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Fall of the Pagans and the Origins of Medieval Christianity - Kenneth W. Harl If you have a casual knowledge of the history of the Christian Church, you have probably heard the following two quotations:
--"The blood of martyrs is the seed of the Church," (Tertullian, 2nd-century)
--Constantine made Christianity the official religion of the Roman Empire. (a common factoid)
The above statements are not true according to these lectures. The persecution of Christians was more scattered and inconsistent than commonly imagined, and there is no evidence that the percentage of the population that was Christian changed appreciably in response to persecutions. Also, Christianity wasn’t made the official religion of the Roman Empire until 380 AD which was 74 years after Constantine became emperor in 306 AD. What Constantine did was recognize Christianity as a legitimate sect under Roman law, and he made funds available for construction of basilicas.

Even after Christianity was adopted officially as the state religion, over half of the population remained pagan well into the 5th century. It wasn’t until the implementation of a “persecuting society” by Justinian (527-565 AD) that one could finally say that Christianity was pervasive throughout the Western world.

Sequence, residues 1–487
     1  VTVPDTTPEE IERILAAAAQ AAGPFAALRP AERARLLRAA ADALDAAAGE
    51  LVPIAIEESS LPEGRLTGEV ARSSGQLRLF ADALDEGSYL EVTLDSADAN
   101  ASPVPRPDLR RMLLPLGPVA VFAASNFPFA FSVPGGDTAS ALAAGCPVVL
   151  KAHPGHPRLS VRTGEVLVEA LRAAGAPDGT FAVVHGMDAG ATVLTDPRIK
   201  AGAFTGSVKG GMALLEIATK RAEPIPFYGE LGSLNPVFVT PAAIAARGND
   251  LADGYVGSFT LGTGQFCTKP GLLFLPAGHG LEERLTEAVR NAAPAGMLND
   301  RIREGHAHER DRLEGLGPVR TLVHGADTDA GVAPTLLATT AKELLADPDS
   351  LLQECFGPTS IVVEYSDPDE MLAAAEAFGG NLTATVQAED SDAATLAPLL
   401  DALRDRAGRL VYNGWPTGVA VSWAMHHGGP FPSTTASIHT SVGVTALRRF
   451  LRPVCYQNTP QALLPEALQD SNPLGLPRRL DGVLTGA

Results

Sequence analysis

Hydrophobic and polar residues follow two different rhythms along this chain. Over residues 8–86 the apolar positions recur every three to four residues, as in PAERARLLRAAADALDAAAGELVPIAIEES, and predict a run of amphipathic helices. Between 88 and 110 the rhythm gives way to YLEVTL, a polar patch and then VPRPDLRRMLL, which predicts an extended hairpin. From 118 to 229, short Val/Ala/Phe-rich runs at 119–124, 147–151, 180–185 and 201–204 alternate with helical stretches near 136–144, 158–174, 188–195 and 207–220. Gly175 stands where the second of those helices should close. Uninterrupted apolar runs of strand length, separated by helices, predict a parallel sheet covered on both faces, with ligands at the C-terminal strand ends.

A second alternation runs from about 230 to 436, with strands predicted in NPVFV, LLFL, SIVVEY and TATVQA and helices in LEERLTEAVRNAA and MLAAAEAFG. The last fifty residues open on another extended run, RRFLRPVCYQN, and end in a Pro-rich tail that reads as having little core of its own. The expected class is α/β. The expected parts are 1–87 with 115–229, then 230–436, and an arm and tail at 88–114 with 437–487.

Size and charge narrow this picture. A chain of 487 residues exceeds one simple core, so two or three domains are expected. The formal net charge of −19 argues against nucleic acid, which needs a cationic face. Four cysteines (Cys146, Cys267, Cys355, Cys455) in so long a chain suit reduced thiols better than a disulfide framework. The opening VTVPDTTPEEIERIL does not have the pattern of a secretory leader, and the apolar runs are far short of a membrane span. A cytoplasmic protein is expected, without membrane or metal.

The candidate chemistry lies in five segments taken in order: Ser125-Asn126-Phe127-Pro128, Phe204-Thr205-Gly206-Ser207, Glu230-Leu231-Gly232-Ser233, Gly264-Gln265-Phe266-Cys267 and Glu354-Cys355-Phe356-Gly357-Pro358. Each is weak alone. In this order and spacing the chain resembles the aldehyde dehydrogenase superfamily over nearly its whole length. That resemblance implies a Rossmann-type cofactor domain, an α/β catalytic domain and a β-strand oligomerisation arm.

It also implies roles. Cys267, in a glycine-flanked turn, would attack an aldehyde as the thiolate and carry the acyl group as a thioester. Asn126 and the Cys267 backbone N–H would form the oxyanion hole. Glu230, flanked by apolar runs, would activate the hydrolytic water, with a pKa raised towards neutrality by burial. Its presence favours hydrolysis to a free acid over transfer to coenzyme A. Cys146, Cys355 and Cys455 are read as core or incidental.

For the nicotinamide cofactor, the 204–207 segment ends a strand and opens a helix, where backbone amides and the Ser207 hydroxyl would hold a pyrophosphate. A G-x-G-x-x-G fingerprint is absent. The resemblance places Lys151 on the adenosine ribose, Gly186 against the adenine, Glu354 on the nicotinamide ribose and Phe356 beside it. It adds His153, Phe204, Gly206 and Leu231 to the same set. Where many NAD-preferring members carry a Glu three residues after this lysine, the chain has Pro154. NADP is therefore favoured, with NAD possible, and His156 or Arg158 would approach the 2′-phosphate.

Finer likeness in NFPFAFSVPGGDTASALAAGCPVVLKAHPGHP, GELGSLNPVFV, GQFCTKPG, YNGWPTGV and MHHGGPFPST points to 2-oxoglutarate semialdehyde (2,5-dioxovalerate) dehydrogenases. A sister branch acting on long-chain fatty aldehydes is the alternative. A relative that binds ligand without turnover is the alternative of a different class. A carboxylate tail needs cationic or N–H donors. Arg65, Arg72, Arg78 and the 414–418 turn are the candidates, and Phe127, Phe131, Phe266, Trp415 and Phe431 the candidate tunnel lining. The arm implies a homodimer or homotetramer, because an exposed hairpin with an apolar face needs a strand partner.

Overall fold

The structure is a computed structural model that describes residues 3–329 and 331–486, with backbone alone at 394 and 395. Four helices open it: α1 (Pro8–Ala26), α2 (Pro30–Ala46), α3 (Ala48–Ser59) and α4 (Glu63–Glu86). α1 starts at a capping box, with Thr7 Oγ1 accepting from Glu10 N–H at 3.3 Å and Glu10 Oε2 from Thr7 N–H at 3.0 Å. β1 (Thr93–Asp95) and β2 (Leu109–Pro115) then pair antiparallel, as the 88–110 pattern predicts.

So how did such a dramatic change in the course of history come about? These lectures do a good job of answering that question by describing a complicated story with numerous twists and turns. Those of us on this side of history presume that the eventual outcome must have been a sure thing. But for those living through the history the outcome was not evident.

These lectures provide a historically focused discussion of the interaction between Judaism, Christianity, and paganism from the 1st to the 6th centuries. The lectures explore the reasons why Christianity was able to emerge and endure and, in turn, spark a critical transition for religion, culture and politics.

Those of us living today in a pluralistic society where everyone is free to chose (or not chose) their own religion should feel some sympathy for the pagans of this era. They had a pluralistic society that was accepting of all gods and religions. Most of the persecutions that occurred of the Christians were because they were unwilling to indicate loyalty to the Emperor (by making token sacrifice to the Emperor’s genius). As long as any cult or religion didn’t cause civil unrest, they were tolerated in the early Roman world. But by the 6th century when the Christians were completely in control, anyone who wasn’t a Christian was persecuted. Here's a LINK to an interesting Huffington Post article about the "Myth of Christian Persecution."

The following is a quotation from a 4th century pagan:
"The problem with you Christians is that you empty the world of gods and you make it a lonely place. The human and the divine no longer interact. Henceforth the divine is transcendent, it is a great magistracy of the universal God. But that God can only be approached by the holy ones and through the imperial Church.”
Most of the resistance from the pagans was in the form of inertia of customary belief and actions. Many pagans were pragmatic about it and concluded that sufficient Greek Platonism had been appropriated into the Christian culture that they could live with it.